A DNA test on Hank Skinner could prove him to be innocent of the 1995 murder of his live-in girlfriend Twila Busby and her two adult sons.
Skinner, a Texan, is scheduled to be executed on Wednesday, has been looking, through his legal team, for the courts' permission to analyze DNA evidence that has been ignored up until now. This could well be the last chance for Skinner to prove himself innocent. Previous pleas to analyze the evidence have been denied.
Any time DNA evidence can be used in its context and be relevant as to the guilt or innocence of a person on death row, we need to use it, said former Texas Gov. and former U.S. President, George W. Bush, back in June, 2000, when granting a last-minute reprieve to death row inmate Ricky McGinn, while further DNA evidence in his case was analyzed. Unfortunately for McGinn, the reprieve was only temporary; he was executed after a few months anyway.
At the time, Bush was running for the post of U.S. President.
Curiously enough, the current Texas governor, Rick Perry (who is also hoping to become U.S. President), is faced with a similar decision.
Skinner insists that he was unconscious (he claims to have been intoxicated) at the time of the murder and speculates that it was actually Busby's uncle who was the real killer. Unfortunately, Busby's uncle died sometime back.
During the trial, Skinner's lawyers decided not to test certain items, since it was likely that Skinner's DNA would be found in abundance; given the fact that his girlfriend and her were sharing the apartment. However, since 2000, his lawyers have argued that the evidence could actually exonerate him.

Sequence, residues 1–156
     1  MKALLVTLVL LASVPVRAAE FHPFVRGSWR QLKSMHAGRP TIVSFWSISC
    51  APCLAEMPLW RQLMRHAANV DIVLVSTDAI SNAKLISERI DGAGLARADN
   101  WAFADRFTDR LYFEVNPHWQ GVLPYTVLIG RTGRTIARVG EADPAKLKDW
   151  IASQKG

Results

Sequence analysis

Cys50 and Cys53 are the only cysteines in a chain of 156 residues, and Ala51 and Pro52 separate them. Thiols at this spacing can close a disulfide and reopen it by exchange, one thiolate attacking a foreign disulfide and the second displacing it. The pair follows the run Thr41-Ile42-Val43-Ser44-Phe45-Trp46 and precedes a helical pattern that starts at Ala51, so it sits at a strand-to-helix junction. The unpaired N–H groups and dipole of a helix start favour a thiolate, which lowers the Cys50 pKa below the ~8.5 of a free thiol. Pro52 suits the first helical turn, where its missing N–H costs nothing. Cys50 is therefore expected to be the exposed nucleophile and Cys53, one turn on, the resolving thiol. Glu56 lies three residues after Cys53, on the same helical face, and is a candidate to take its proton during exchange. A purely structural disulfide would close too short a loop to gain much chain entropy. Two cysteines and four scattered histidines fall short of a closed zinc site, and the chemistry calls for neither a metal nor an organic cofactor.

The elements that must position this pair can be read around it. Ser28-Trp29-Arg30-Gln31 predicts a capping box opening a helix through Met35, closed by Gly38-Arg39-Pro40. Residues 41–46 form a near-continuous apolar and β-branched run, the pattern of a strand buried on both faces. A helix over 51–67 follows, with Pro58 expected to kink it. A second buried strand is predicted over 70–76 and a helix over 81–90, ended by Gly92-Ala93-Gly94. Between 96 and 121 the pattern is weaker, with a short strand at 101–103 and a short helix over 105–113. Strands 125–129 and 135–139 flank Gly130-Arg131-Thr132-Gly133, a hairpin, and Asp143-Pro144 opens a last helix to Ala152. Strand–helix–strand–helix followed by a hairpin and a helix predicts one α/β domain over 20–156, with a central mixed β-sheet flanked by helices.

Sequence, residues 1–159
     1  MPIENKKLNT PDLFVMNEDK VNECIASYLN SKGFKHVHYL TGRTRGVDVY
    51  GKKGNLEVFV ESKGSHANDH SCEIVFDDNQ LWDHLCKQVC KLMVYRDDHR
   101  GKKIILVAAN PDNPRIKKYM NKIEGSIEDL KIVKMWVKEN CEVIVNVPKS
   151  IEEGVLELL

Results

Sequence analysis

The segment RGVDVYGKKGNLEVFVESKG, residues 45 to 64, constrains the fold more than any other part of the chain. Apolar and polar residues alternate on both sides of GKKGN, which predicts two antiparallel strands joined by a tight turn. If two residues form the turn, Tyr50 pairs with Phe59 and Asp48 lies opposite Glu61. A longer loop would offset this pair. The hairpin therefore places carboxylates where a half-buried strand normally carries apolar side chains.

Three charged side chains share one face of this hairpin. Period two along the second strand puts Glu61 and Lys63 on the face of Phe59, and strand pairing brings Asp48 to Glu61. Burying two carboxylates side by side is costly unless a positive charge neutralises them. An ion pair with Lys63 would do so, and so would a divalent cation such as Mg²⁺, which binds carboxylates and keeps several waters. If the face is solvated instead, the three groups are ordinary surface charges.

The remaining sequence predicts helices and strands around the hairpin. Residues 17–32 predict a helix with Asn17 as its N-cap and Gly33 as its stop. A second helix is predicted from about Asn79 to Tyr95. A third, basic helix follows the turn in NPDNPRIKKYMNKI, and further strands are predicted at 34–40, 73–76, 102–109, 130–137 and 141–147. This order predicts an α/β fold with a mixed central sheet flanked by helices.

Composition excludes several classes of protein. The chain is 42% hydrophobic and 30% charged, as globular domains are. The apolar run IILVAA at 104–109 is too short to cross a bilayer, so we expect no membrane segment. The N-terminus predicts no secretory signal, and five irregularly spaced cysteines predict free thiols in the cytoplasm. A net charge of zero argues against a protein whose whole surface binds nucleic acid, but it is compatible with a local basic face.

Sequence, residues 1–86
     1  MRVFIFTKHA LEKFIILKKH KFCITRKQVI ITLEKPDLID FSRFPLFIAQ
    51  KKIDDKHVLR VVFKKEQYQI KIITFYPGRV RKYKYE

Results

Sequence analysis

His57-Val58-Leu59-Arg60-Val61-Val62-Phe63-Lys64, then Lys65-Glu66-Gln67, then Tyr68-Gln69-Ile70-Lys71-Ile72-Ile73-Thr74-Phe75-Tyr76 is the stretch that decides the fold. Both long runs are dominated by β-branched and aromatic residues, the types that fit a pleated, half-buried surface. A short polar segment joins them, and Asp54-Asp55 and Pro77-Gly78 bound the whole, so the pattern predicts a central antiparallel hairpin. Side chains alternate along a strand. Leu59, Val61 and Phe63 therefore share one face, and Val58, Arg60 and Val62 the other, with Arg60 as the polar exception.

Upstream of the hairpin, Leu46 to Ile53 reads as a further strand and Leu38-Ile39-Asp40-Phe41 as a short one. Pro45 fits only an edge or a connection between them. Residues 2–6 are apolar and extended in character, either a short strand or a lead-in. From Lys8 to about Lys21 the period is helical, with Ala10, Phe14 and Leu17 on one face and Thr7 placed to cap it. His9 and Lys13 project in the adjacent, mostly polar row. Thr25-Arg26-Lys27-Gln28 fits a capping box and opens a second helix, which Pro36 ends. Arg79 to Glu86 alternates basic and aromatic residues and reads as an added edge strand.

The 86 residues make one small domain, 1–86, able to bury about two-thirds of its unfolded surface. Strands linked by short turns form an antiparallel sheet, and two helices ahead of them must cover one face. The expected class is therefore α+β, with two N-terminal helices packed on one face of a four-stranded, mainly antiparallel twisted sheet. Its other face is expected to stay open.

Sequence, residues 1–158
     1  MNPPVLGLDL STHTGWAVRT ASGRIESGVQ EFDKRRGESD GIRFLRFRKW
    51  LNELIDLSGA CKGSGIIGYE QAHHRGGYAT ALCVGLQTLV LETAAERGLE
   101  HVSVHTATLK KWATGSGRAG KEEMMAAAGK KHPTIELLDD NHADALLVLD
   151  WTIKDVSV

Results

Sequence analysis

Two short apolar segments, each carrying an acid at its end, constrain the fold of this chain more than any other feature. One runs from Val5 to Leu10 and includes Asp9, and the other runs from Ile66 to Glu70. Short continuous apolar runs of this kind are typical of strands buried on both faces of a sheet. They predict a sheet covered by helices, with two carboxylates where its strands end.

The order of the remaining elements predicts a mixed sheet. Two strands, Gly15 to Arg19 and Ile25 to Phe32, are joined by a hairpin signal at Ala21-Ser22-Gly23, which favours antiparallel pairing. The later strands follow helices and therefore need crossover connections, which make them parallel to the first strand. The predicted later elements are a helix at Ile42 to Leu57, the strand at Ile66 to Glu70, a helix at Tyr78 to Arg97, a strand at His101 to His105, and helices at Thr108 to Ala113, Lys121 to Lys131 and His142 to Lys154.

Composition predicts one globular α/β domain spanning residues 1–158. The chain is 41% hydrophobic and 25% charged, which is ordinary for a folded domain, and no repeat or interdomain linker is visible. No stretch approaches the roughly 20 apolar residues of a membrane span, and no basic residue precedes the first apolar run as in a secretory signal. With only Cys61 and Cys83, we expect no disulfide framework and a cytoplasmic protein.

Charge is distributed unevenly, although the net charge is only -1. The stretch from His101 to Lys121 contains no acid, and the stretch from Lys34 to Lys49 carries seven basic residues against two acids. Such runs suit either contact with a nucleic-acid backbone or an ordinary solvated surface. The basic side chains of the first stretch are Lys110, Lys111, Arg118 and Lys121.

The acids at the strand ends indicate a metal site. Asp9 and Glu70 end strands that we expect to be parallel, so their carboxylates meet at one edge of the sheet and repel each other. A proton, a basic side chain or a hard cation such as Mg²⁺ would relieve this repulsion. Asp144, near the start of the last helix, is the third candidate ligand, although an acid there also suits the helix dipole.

Skinner, who was also scheduled to be executed in March, 2010, before the U.S. Supreme Court issued an eleventh-hour stay. The next year, with a 6-3 decision, the court said Skinner could file a federal civil rights claim requesting his DNA be tested. However, it did not say that he had a constitutional right to the testing itself.
A report in the Texas Tribune suggested that the court sent the case back to the federal district court to decide whether Skinner's civil rights were being violated by the state's application of [Texas's] 2001 DNA law. State lawmakers, though, made significant changes to that DNA testing law this year, expanding access and eliminating many of the restrictions the state had previously cited in denying Skinner's requests.
The federal court, last month, indicated that according to the changes, the decision to analyze DNA could be left to the state court completely. Skinner's lawyers appealed for DNA testing under the new law on Thursday and a judge ruled against Skinner's request.
As governor, Perry holds the power to grant a month-long stay on the execution, which should be ample time for DNA testing.
However, it remains to be seen if Perry will actually exercise the authority he has. According to a report on Motherjones.com, in the latest poll, national support for the death penalty has declined to 60 percent. However, among Republicans it's 79 percent, with only 14 percent opposed.
The report also suggested that even if Perry does not grant a stay of execution and posthumous testing exonerates Skinner, it may not be politically threatening for his Presidential ambitions.
Last month, another Texas inmate, Michael Morton, was acquitted of charges of murdering his wife, based on evidence gathered from DNA testing. Morton had already served 25 years of a life sentence before he was freed.